• HIV/AIDS risk reduction behaviors, and
  • treatment and services received.

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Project Team


Principal Investigator:
Christine E. Grella  (grella@ucla.edu)

Project Director:
Kira Jeter (kejeter@ucla.edu)


Funding Period


September 2006 to September 2011

Evaluation of the Community Bridges Project

The purpose of the Community Bridges Project was to strengthen and enhance the comprehensive treatment system in Santa Monica, CA, for chronically homeless persons who have co-occurring mental illness and substance use disorders.

The project developed a fully integrated system and treatment model for this population through collaboration among service providers that included substance abuse treatment, mental health treatment, health services, shelter and drop-in services, and transitional and permanent housing.

The integrated treatment model incorporated several evidence-based practices, including motivational interviewing and relapse prevention, with the aim of (1) increasing access to treatment, (2) increasing continuity of care and services integration, (3) improving quality of life and increasing self-determination, and (4) improving levels of functioning among participants. In addition, the project aimed to increase integration of services across the participating providers, to eliminate barriers to system entry, and to improve staff competency in treating homeless individuals with co-occurring disorders.

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Project Team


Principal Investigator:
Christine E. Grella  (grella@ucla.edu)

Project Director:
Kira Jeter (kejeter@ucla.edu)


Funding Period


April 2005 to September 2009

Evaluation of the Homeless Interventions Treatment Options Project (HI-TOP)

ISAP conducted the process and outcome evaluations of the Homeless Interventions Treatment Options Project (HI-TOP), which was an intervention project provided by Special Service for Groups, Inc. The project was funded by a 5-year grant from the Substance Abuse and Mental Health Services Administration, Center for Substance Abuse Treatment. HI-TOP provided comprehensive substance abuse treatment and case management services to homeless individuals who had co-occurring substance abuse and mental health disorders. Treatment approaches included cognitive behavioral and motivational enhancement therapies within the context of residential treatment and aftercare services provided to participants. The evaluation study tracked the characteristics of project participants, and examined the delivery of project-specific services, adherence to the treatment models, barriers encountered in project implementation, and solutions devised to address those barriers. Focus groups with project participants and interviews with project staff were conducted in order to monitor their respective perceptions and experiences of the project; feedback was provided from the evaluation in order to refine the project implementation.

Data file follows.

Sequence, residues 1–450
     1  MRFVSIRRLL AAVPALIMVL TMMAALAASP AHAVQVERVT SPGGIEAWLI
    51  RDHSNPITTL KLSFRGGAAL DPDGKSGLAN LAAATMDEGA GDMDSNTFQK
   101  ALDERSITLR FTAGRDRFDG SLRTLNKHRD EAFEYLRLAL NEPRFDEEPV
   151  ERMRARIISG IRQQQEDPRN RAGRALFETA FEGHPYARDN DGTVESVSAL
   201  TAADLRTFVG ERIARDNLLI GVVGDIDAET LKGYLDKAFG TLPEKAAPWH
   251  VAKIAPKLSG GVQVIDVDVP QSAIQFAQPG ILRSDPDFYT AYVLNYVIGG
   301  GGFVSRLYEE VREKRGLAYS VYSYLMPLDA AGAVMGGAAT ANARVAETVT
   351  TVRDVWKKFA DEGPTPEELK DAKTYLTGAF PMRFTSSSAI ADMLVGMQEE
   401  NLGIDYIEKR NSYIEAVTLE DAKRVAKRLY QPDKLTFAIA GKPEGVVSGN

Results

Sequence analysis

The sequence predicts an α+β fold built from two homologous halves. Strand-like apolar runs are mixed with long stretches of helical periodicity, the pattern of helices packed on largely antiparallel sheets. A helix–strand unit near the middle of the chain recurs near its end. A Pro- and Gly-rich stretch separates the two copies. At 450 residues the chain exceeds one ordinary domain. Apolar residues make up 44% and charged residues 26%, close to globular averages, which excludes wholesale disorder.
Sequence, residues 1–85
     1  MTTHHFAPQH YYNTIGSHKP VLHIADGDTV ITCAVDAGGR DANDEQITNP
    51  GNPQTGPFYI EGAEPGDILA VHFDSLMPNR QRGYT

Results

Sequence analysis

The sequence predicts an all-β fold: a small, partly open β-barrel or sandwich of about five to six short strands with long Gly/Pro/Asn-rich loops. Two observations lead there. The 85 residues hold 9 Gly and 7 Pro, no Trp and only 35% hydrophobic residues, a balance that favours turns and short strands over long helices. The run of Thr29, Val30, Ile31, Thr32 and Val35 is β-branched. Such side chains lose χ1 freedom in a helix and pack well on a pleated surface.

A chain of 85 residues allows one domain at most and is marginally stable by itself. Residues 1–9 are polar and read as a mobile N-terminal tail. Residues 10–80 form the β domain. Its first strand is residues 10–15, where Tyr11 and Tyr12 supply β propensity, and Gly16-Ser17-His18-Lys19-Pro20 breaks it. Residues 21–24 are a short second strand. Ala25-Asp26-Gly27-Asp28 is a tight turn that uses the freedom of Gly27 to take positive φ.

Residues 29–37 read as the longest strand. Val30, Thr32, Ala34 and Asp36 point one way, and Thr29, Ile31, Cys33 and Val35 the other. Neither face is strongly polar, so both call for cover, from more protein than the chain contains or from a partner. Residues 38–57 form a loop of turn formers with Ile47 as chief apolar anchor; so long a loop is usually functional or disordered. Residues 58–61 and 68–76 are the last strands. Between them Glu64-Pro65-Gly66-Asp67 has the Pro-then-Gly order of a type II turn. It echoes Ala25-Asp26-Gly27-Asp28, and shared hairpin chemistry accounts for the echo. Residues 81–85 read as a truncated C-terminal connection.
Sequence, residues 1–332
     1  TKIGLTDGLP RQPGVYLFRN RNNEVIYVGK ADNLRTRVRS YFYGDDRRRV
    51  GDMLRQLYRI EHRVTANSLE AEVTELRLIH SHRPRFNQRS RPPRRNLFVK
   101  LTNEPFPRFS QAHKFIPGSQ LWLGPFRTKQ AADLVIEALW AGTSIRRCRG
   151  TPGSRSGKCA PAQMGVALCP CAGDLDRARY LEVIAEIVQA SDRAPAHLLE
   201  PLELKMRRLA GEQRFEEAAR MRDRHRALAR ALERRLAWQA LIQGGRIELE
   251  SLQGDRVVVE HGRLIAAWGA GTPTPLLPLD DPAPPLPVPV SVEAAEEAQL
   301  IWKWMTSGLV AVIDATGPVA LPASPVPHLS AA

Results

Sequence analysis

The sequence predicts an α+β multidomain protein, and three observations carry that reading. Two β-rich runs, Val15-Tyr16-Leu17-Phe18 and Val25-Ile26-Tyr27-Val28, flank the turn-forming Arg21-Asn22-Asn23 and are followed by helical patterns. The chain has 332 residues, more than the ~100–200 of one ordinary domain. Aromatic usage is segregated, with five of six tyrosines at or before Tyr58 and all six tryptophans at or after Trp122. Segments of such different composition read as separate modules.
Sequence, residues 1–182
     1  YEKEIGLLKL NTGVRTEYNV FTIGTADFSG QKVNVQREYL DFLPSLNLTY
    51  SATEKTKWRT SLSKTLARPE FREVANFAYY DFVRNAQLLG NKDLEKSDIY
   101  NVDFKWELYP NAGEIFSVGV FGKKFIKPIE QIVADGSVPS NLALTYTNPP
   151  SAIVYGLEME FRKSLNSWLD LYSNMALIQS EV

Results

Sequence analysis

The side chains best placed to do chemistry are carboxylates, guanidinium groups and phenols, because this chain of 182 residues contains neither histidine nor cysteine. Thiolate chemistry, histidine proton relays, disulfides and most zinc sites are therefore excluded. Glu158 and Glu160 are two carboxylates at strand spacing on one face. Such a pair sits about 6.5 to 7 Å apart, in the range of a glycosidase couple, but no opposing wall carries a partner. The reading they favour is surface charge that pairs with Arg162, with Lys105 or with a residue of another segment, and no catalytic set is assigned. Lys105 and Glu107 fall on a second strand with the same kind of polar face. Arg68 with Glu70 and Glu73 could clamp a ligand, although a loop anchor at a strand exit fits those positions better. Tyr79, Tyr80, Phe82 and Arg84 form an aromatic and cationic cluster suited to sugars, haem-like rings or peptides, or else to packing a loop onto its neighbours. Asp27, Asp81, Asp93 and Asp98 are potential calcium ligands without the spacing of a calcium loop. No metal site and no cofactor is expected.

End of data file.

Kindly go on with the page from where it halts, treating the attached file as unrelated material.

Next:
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Project Team


Principal Investigator:
Richard Rawson (rrawson@mednet.ucla.edu)

Project Director:
Anne Bellows (abellows@mednet.ucla.edu)


Funding Period


November 2006 to October 2011

Evaluation of New Elements Treatment Program, People in Progress

ISAP conducted the process and outcome evaluations of the New Elements Treatment program, which was an intervention project provided by People in Progress. The project was funded by a 5-year grant from the Substance Abuse and Mental Health Services Administration, Center for Substance Abuse Treatment. New Elements provides comprehensive substance abuse treatment and case management services to homeless individuals. The evaluation study tracked the characteristics of project participants and examined the delivery of project-specific services, adherence to the treatment models, barriers encountered in project implementation, and solutions devised to address those barriers. Focus groups with project participants and interviews with project staff were conducted in order to monitor their respective perceptions and experiences of the project; feedback was provided from the evaluation in order to refine the project implementation.

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Project Team


Principal Investigator:
Christine E. Grella  (grella@ucla.edu)

Project Director:
Jeffrey Annon (jannon@ucla.edu)


Funding Period


October 2004 to September 2007

Evaluation of the Effective Adolescent Treatment (EAT) Project

ISAP conducted the site-level evaluation of the Effective Adolescent Treatment (EAT) Project at Tarzana Treatment Centers (TTC). The EAT projects were sponsored by the U.S. Substance Abuse and Mental Health Services Administration, Center for Substance Abuse Treatment. TTC provided an evidence-based intervention, the Motivational Enhancement Therapy and Cognitive Behavioral Therapy for Adolescents – 5 sessions (MET/CBT 5), to adolescents who were in their outpatient substance abuse treatment program for youth. The goals of the MET/CBT 5 intervention were to increase motivation for and engagement in substance abuse treatment, and to provide behavioral skills training for relapse prevention and drug-use resistance. ISAP provided evaluation and data management services to the EAT project through a contract with its Data Management Center, monitored project implementation, and provided technical assistance for tracking and locating participants for follow-up.